Nomad’s Dream (CrabbyPatty’s Review)


Title: Nomad’s Dream
Author: August Li
Publisher: Dreamspinner Press
Release Date: January 29, 2019
Genre(s): Contemporary Romance, Paranormal
Page Count: 192
Reviewed by: CrabbyPatty
Heat Level: 1 flames out of 5
Rating: 5 stars out of 5

Blurb:

Two men, each with a hidden destiny. Can they defeat a web of deceit and dark magic to ensure their fates intertwine?

Bedouin Isra al-Grayjaab’s dreams lead him to Janan, an amnesiac beggar on the street of Qena—one who steals his heart and starts him on a seemingly hopeless quest. With only their wits, Isra’s knowledge of the desert’s secrets, and the aid of a mercurial djinn, they must recover Janan’s past. But neither can predict his true identity or the lengths others will go to see that his mind remains broken and his true power out of his reach.

In a sweeping romantic adventure that takes them across the Eastern Desert to the modern streets of Cairo and on to the luxurious Red Sea Coast, Janan and Isra seek a truth that will either bring them into each other’s arms or tear them apart forever.


I’m truly amazed by this story, a mix of fantasy, myth and magic, set in the timeless deserts where Bedouins traverse the ever-changing landscape on camels. Since the summer, Isra has dreamed of a man walking in an unfamiliar place, always just out of his reach. When Isra finally catches up to the man,

He turned, and when their eyes met, Isra felt like he was watching dawn break over the desert. The man had an elegant beauty to his dark lashes, full lips, longish, straight nose, and smoky quartz eyes, but it was the fear and confusion in his expression that struck Isra hardest.

When Isra (who is around 30 years old) was a young man, he was saved from death by an arafrit, a magical creature in the form of a beautiful youth who “moved like fire, and he burned. The flames danced behind his large eyes and the subtle, swirling marks on his skin. It was as if everything solid were merely a vessel to contain the fire within.” Just when you think this story was set in a time long past, you learn that this Bedouin life co-exists with the current time and this tale is a contemporary one. The guiding spirit, whom Isra named Flicker, agrees to help Isra find his mystery man and they locate him in the modern Egyptian town of Qena.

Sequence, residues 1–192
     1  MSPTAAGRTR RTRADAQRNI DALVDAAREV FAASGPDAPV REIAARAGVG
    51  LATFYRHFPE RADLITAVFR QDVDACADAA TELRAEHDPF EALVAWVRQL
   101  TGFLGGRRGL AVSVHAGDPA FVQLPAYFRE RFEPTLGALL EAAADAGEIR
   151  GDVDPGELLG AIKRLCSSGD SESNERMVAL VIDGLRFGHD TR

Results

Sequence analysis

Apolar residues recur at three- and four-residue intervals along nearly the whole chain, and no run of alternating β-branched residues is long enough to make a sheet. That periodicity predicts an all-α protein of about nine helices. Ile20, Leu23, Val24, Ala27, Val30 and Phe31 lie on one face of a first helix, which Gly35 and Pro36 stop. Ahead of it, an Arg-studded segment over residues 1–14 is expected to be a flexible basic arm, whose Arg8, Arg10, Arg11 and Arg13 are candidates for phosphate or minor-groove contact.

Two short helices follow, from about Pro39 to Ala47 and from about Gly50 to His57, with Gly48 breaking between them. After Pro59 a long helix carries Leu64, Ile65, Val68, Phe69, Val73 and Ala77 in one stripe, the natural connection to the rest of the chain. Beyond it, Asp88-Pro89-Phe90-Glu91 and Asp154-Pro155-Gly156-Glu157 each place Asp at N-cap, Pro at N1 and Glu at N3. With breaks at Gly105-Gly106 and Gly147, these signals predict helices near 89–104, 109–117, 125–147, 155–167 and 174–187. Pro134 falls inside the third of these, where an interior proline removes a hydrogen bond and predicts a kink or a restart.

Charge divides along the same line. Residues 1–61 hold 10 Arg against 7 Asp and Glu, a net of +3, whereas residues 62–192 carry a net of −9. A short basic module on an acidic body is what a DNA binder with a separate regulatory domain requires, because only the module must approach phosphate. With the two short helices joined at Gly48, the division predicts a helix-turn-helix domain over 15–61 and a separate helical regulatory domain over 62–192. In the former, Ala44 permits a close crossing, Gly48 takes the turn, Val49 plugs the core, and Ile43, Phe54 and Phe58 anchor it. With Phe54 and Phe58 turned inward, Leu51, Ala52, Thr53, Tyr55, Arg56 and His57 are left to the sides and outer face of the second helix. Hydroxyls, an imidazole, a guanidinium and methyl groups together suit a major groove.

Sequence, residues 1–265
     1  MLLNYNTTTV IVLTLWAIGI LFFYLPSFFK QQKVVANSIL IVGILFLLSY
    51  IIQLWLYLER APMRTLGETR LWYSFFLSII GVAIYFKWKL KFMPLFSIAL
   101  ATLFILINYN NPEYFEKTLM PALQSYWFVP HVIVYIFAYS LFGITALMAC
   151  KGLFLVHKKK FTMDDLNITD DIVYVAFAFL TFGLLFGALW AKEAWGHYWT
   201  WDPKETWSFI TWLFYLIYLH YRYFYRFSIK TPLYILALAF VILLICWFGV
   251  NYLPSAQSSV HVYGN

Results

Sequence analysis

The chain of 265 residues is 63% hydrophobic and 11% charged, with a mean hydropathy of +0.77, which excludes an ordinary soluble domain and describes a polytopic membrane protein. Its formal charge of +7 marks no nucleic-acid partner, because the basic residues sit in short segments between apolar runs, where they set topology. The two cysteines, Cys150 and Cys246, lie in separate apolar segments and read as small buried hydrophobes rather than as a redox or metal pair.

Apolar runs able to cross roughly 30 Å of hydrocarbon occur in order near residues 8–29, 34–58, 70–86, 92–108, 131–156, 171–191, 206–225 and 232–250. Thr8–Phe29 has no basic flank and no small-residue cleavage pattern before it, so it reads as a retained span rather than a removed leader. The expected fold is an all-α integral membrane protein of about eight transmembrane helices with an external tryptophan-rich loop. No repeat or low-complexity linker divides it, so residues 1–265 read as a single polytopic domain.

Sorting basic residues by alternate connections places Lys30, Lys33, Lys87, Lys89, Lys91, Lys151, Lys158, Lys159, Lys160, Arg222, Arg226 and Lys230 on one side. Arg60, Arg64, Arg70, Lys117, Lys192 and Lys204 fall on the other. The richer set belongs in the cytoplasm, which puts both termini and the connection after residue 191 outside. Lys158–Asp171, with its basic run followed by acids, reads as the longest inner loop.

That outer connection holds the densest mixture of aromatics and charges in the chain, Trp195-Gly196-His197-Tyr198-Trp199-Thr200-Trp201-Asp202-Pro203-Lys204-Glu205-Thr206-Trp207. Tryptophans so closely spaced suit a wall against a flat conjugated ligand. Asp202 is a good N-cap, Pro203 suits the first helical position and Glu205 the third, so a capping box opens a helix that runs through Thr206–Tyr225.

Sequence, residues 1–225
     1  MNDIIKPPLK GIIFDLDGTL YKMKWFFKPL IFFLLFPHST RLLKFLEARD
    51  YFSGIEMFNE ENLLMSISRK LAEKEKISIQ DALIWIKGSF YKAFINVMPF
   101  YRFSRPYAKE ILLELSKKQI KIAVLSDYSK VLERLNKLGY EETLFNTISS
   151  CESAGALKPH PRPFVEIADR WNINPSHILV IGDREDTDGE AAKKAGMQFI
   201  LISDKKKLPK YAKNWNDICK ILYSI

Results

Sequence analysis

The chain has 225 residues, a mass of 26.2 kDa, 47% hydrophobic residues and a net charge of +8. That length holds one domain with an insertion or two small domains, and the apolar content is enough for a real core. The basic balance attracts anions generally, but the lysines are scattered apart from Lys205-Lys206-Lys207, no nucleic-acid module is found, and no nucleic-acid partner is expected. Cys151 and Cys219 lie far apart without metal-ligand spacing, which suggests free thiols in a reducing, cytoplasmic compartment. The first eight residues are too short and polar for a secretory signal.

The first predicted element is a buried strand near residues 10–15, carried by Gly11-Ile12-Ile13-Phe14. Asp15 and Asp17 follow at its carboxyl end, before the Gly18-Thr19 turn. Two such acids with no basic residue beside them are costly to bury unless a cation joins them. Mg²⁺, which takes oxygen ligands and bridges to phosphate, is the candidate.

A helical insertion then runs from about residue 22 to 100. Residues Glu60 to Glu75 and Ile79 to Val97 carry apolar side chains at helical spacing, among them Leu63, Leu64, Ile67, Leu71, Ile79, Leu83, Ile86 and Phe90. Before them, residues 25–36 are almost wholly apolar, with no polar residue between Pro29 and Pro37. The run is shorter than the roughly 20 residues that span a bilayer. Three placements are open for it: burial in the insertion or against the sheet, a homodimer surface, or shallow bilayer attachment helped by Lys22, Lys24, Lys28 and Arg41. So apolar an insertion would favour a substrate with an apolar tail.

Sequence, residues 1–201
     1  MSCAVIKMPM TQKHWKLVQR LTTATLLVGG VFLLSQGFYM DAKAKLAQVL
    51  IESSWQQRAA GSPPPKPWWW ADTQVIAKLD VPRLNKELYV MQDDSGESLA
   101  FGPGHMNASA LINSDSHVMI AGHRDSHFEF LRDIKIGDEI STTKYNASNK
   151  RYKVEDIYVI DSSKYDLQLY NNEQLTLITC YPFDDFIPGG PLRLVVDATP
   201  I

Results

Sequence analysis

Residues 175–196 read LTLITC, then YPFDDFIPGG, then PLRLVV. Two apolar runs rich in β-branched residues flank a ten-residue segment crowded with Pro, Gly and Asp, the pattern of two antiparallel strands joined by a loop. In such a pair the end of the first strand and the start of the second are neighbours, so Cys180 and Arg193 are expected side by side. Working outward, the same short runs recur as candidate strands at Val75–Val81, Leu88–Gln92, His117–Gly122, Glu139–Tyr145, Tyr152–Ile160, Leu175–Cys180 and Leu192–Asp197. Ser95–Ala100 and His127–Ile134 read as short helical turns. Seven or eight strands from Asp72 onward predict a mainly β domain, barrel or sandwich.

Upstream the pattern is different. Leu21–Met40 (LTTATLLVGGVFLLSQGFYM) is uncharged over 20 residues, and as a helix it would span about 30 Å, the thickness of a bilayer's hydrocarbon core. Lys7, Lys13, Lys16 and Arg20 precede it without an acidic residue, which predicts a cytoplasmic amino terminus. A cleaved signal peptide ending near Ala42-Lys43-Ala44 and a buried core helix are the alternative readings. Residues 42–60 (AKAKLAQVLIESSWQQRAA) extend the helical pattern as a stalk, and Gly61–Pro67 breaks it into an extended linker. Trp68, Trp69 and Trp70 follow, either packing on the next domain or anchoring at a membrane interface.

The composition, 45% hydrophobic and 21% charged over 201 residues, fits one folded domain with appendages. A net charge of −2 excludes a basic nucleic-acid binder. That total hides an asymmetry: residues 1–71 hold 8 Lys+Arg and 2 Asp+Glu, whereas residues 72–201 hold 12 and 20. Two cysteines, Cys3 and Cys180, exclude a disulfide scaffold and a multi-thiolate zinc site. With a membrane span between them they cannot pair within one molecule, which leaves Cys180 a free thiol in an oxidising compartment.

The man has no idea who he is and his life began only a few months prior when he awoke in the city with no shoes and no money. He has wandered the streets as a beggar: “None of them saw beyond his dirty clothing, bare feet and matted hair. Did they even see him as a man with a heart like their own?” Isra, embodying the Bedouin traits of hospitality and honesty, takes the man (whom he names Janan which means “heart” or “soul” in Arabic) home with him to the desert to restore his mind and body. Janan and Isra gradually fall in love and while there are no on-page sex scenes, there is truly the sense that Isra has found his soul mate in Janan and that the same is true for Janan.

While Janan can remember nothing of his past, he is drawn to Cairo and Isra and Flicker accompany him to help him find his answers, and modern-day Cairo is where the later part of the story is set. While the initial pace of the story feels a bit slow, we get the opportunity to know Isra and Janan and their characters through their philosophies and discussions:

God is loving and forgiving, and he wants us to be happy. If we can find happiness, I think he’s pleased. Trying to do good is what matters. All the world’s great belief systems agree there. God should be a reason to rejoice, never an excuse to feel anger or resentment toward others.

The plot takes unimaginable twists and turns and the characters deal with supernatural events and creatures and modern-day villains, and the ending actually pulls it all together in a unique way that I find simply extraordinary. There is a richness that August Li brings to “Nomad’s Dream” that really sets it apart. 5 stars and a Recommended Read!


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Advanced Review Copy

Galley copy of Nomad’s Dream provided by Dreamspinner Press in exchange of an honest review.

Author

Once you learn to read, you will be forever free.  Frederick Douglas I distinctly remember that day in school when, all of a sudden, those squiggles on the page made sense and I could read. It has changed my life in ways I still cannot comprehend. My favorite M/M tropes are friends-to-lovers, murder/mysteries, amnesia, hurt/healing and historicals. Shifters, vampires, paranormal? Meh ... not in my wheelhouse, but I'm a sucker for a well-written well-plotted book, no matter the genre. Favorite authors includes Brandon Witt, Rick R. Reed, Abigail Roux, Jay Northcote, JL Merrow, KJ Charles, Lane Hayes, Marshall Thornton and so many more. A few "badges" from NetGalley: 100 Book Reviews Reviews Published Professional Reader

2 comments

  • Oh, man. I’m going to have to get this one. The writing excerpts that you included were beautiful, and if that’s the way the overall writing is, I need to read this book. The characters, the fantasy, the plot and its twists all sound like it’s right up my alley! Thanks for this review. I’m going to check this book out.

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